Thursday, March 28, 2013

Poor Oppressed Christians Totally Lose It

Support for legal same-sex marriage has undergone a dramatic reversal over the course of the last five years. Today the majority supports allowing same-sex couples to wed, and with California's Proposition 8 and the 1996 Defense of Marriage Act before the Supreme Court this week, the Poor Oppressed Christian community is going totally off the rails. The latest column from David Brody of CBN is a perfect example. Brody claims that Christians who "believe in the biblical definition of traditional marriage" are now more "scorned" than homosexuals.

But what about today? Let’s be honest: If you are a conservative evangelical who believes in the biblical definition of traditional marriage then guess what? You are one of the following: An outcast, a bigot, narrow-minded, a “hater” or all of the above. It's a different type of ridicule but it's still ridicule.

The tables have been turned. Evangelicals are now the ugly stepchild. In our American culture today, you can easily make the argument that it is harder to stand for biblical truth than it is to be a supporter of gay marriage in today's society.

Don’t believe me? Ask Kirk Cameron or Tim Tebow who both have been endlessly ridiculed for stating mainstream biblical positions on marriage and other topics. How about the comments by Chick-fil-A Founder Dan Cathy? Remember his comments in strong support for traditional marriage? He nearly had his head ripped apart by the mainstream media.

What Brody and other Poor Oppressed Christians don't seem to understand is that this "scorn" has little to do with their personal beliefs regarding marriage and everything to do with their insistance that civil law continue to reflect those beliefs. It would be a violation of the separation of church and state for the law to require that churches perform same-sex marriages, but at the same time separation cuts both ways. I've never seen any compelling reason to prohibit same-sex couples who want to get married from obtaining the same legal and tax benefits that married opposite-sex couples do, and granting them those rights in no way detracts from the rights of others.

To insist that civil law should be established solely on religious grounds is an unpopular position for good reason. Not all religious denominations, and not even all Christian denominations, disapprove of same-sex marriage. Those that oppose such unions do not have to perform them, and similarly those that do not should be allowed to do so. Again, this concept is fully supported by the Constitution, in that government is not allowed to impose laws that favor one religion over the other. Meanwhile on the civil side, it is similarly consistent with these ideals that religious ceremonies performed by all religious groups should be treated the same.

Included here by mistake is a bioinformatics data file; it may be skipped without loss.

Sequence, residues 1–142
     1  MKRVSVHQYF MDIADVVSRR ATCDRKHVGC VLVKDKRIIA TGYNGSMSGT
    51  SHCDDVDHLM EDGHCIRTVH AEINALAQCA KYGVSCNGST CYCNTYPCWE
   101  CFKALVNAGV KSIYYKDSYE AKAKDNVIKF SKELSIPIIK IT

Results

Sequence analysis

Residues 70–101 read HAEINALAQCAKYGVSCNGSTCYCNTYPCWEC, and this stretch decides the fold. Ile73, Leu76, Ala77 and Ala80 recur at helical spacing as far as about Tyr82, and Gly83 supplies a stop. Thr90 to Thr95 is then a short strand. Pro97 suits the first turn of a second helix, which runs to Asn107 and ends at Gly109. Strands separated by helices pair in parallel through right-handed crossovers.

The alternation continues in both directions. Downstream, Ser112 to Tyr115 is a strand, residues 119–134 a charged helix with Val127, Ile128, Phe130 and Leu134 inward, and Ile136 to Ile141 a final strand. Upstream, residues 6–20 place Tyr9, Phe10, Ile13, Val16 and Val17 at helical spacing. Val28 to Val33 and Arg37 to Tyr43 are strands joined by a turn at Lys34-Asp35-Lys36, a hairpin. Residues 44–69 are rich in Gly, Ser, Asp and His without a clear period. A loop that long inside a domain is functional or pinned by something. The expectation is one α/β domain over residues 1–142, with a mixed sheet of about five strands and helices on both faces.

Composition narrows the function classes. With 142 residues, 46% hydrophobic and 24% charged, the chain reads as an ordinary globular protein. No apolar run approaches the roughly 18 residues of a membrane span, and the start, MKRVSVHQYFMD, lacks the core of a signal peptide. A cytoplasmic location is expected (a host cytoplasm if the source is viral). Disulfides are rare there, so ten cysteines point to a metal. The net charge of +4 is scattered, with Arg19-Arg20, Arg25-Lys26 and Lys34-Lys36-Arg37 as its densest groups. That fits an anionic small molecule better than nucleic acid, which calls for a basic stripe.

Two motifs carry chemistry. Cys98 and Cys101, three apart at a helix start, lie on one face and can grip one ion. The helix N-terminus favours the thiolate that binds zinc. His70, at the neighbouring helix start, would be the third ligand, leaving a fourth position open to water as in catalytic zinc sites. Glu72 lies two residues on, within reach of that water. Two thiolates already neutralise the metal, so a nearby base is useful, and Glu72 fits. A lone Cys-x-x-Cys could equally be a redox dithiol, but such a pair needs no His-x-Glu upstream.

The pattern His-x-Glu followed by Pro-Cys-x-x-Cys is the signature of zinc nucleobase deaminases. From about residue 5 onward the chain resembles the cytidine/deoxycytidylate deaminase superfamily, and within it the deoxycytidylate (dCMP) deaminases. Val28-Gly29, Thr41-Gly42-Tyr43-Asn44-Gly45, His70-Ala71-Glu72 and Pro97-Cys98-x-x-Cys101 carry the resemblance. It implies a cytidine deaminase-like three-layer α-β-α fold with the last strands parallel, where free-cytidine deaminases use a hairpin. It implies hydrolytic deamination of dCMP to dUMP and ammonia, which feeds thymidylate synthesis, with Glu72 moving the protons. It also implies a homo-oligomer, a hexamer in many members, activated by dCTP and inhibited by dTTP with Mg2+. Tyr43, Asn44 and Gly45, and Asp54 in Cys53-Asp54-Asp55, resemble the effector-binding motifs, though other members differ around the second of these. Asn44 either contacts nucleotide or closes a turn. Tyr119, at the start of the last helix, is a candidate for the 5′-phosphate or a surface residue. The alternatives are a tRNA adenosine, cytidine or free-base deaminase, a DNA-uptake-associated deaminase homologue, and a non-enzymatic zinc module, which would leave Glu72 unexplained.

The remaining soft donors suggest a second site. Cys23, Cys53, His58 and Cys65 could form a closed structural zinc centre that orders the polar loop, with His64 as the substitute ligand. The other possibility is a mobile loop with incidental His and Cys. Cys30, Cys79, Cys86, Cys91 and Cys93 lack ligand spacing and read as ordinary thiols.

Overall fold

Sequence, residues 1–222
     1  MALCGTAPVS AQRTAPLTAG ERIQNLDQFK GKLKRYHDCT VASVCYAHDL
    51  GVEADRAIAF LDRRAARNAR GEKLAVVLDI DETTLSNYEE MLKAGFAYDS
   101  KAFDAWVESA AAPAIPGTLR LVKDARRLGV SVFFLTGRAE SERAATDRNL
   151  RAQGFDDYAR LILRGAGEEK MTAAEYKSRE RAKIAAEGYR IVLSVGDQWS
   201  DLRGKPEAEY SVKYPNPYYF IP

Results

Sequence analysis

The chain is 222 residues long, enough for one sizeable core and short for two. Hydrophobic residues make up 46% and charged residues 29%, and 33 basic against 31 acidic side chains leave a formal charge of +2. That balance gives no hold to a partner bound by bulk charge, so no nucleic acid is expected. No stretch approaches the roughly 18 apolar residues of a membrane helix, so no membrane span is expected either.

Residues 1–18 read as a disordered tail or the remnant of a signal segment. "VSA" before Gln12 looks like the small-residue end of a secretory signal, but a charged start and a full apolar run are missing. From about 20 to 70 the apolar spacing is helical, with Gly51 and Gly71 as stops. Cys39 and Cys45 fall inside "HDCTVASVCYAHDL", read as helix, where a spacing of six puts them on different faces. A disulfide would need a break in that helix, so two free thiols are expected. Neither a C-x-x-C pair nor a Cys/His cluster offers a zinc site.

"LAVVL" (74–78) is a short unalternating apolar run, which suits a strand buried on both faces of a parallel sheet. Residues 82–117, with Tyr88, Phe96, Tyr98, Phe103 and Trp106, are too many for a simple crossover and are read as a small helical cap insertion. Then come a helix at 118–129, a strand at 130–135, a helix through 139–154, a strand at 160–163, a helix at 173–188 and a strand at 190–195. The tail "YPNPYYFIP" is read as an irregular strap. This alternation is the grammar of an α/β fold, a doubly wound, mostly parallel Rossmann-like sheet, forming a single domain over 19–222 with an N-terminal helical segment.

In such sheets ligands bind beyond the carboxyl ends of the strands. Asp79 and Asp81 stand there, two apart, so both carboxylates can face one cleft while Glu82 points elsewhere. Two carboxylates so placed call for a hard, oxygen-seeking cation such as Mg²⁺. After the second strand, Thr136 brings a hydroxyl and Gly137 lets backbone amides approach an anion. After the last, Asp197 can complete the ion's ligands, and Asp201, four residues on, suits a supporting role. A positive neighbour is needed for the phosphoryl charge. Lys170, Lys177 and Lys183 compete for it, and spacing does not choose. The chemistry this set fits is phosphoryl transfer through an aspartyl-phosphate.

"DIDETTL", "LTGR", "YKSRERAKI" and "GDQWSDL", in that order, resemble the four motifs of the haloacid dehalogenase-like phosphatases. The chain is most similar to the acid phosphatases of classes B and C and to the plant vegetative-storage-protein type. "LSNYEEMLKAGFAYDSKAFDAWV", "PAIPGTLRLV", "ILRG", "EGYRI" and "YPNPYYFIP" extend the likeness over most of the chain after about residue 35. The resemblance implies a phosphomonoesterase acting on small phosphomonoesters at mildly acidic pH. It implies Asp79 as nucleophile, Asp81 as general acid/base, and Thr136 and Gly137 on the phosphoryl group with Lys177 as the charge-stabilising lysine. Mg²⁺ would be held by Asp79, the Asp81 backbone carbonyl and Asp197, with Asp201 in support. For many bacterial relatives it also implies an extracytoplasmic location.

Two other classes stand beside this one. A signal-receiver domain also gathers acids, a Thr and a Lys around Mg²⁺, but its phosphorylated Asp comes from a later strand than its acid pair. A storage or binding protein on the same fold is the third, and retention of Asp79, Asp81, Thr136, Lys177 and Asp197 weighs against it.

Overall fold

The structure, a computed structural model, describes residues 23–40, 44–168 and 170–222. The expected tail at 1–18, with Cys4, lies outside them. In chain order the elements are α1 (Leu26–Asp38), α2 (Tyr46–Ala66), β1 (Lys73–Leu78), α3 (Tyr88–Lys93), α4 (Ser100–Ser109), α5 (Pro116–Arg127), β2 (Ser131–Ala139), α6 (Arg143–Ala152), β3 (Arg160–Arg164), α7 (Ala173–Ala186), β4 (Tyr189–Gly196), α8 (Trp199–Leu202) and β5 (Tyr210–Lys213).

To my way of thinking the best solution would actually be to completely decouple religious and civil marriage. In effect, such a policy would be "civil unions for all" with "marriage" being treated as solely within the religious sphere. The civil side would confer the legal benefits, while the religious side would completely left to the individuals involved and their church to undertake as they see fit. That way the separation is complete and no conflict is set up between legal and religious authorities from either side. But if we're not going to go in that direction, it makes no sense for the law to discriminate on the basis of a religious principle that is not universal across faiths.

One more note about the Poor Oppressed Christians here - if their idea of oppression is being made fun of by people in the media, they have no idea what real oppression is. That's not particularly surprising - as Christianity is the majority religion in this country, it's unlikely that they have ever been discriminated against due to their religious beliefs. Pagans and occultists who become known as such can lose child custody cases and jobs, and are even on occasion charged with bizarre crimes solely because of their alternative practices. It's hard to imagine such things happening to even an extremely conservative Evangelical Christian simply on the basis of his or her religion.

Furthermore, I also want to point out that people should be free to follow whatever spiritual beliefs resonate with them. In short, if you don't believe in same-sex marriage, don't have one. There's nothing wrong with conducting your private life according to conservative Evangelical principles if you so desire. However, where it all goes wrong is when you start insisting that the way you conduct your spiritual life be enshrined into law so that others who don't share them are nonetheless forced to live as you do.

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1 comment:

Anonymous said...

This was a good one, Scott. Thank you!